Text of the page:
Tuesday, 23 October 2007

Zelman paints a sobering picture of US housing

Ivy Zelman is one of the more pessimistic on the outlook for US housing but as the article says, probably one of the most realistic.

U.S. Housing Decline Threatens to Last Into 2009:

Ivy Zelman's view of the U.S. housing market is gloomy, but it's probably the most realistic.

A veteran Wall Street analyst, Zelman, chief executive of the research firm Zelman & Associates, says it's unlikely the U.S. housing market will recover before 2009, adding there's a "50 to 60 percent chance of a recession," as the housing slump curbs consumer spending.

Zelman paints a much darker picture than Federal Reserve Chairman Ben Bernanke, who said last week that housing will be a "significant drag" on the economy into next year.

When you consider the huge home inventories and tight-as-a- drum mortgage restrictions, it's easy to conclude that the housing slump could extend well past 2008. Unless financing loosens up and buyers return, her prophecy will become a reality.

`"I've never seen the market as bad as this," Zelman said. "And it could get worse. The home-price decline could range from 16 percent to 22 percent."

Monitoring inventory, builder incentives and demand, Zelman is also watching adjustable-rate mortgage resets. Homeowners with these loans will automatically face higher monthly payments that they may not be able to afford, another trigger for foreclosures or sales. Some $500 billion of these loans will re- adjust through 2008, Zelman says.

While foreclosures have declined somewhat from August to September, they still doubled from a year ago, according to RealtyTrac Inc., which monitors the housing market. Since more homes are coming on the market, Zelman says that will only add to the misery.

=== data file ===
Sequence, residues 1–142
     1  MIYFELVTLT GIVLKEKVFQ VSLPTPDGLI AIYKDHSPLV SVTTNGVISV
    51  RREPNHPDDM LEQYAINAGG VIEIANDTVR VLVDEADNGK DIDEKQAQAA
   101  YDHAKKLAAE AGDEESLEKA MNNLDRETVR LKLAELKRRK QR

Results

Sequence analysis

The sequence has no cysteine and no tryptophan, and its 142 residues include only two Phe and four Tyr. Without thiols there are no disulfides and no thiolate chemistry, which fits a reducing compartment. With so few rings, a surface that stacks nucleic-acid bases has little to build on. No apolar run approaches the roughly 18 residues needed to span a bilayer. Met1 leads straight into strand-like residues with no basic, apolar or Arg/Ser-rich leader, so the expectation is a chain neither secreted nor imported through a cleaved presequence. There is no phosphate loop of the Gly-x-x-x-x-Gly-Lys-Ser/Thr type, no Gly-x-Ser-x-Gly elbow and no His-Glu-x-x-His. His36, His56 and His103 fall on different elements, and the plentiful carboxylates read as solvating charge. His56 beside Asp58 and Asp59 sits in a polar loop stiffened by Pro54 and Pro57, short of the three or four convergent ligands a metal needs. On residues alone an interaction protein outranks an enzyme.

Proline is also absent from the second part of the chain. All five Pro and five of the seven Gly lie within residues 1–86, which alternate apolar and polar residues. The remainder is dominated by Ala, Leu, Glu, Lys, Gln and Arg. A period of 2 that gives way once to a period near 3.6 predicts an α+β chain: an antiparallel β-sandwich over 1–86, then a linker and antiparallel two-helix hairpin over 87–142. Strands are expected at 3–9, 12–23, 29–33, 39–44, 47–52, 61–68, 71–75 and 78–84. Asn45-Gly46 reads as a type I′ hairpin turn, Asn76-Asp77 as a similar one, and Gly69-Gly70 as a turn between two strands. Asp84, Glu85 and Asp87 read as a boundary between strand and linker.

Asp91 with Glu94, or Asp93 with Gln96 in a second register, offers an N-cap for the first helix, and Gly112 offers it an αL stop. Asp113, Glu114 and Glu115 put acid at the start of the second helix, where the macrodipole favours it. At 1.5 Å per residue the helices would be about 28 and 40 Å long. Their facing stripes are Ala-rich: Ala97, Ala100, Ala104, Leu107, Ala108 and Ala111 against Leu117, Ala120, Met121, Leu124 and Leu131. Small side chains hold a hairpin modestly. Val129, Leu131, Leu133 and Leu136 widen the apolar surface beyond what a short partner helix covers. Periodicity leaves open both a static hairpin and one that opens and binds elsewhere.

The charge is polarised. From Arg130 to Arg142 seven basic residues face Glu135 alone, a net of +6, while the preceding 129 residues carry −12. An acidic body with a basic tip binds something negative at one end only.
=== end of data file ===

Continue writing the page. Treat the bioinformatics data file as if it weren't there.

`Worst Inventories'

"These are the worst inventories we've seen as a nation," she says. Zelman originally presented her report Oct. 10 to the Home Improvement Research Institute, a Tampa, Florida-based trade group.

Zelman's words carry some weight because she was one of the few major Wall Street analysts to warn of a housing decline months before it began late last year.

She was alarmed that home prices far outpaced personal- income increases during the boom, which is how the economic disconnect began. A bubble created artificially high demand that had to deflate sometime. Now economists and analysts are trying to assess the collateral damage of the bust and subprime mortgage meltdown.

Meanwhile, builders are stuck with thousands of new homes they can't sell and potential buyers are canceling in droves or are unable to get a mortgage. Housing starts fell to a 14-year low in September.

Mass Psychology

"Builders are desperate now and blowing through inventory," says Zelman of homebuilders who are doing anything they can to sell homes. "Their revenues are shrinking so fast, they can't keep up."

The mass psychology that amplifies and spreads the angst of home sellers will put a brake on overall consumer spending, Zelman predicts.

"Some 74 percent of consumer expenditures are correlated to housing. I don't think the consumer will hold up. They will cut back on things like buying cars and vacations."

While Zelman forecasts that sales will drop for the next two years, she isn't as optimistic on home prices, which she says may continue falling until 2010 or 2011.

"We'd be better off if prices corrected all at once. It will get worse before it gets better."

Places where sales were strongest and speculators were most active before the bust will be bedeviled by high home inventories for more than a year.

Click on the link for the full story. Whilst consumers are slowly waking up to the fact that housing prices don't always go up. They are yet to take on board the type of thinking that sees home prices falling for the next 3 - 5 years. A scenario that Robert Schiller of Case Shiller fame keeps reminding us happened back in the period 1989 - 1993.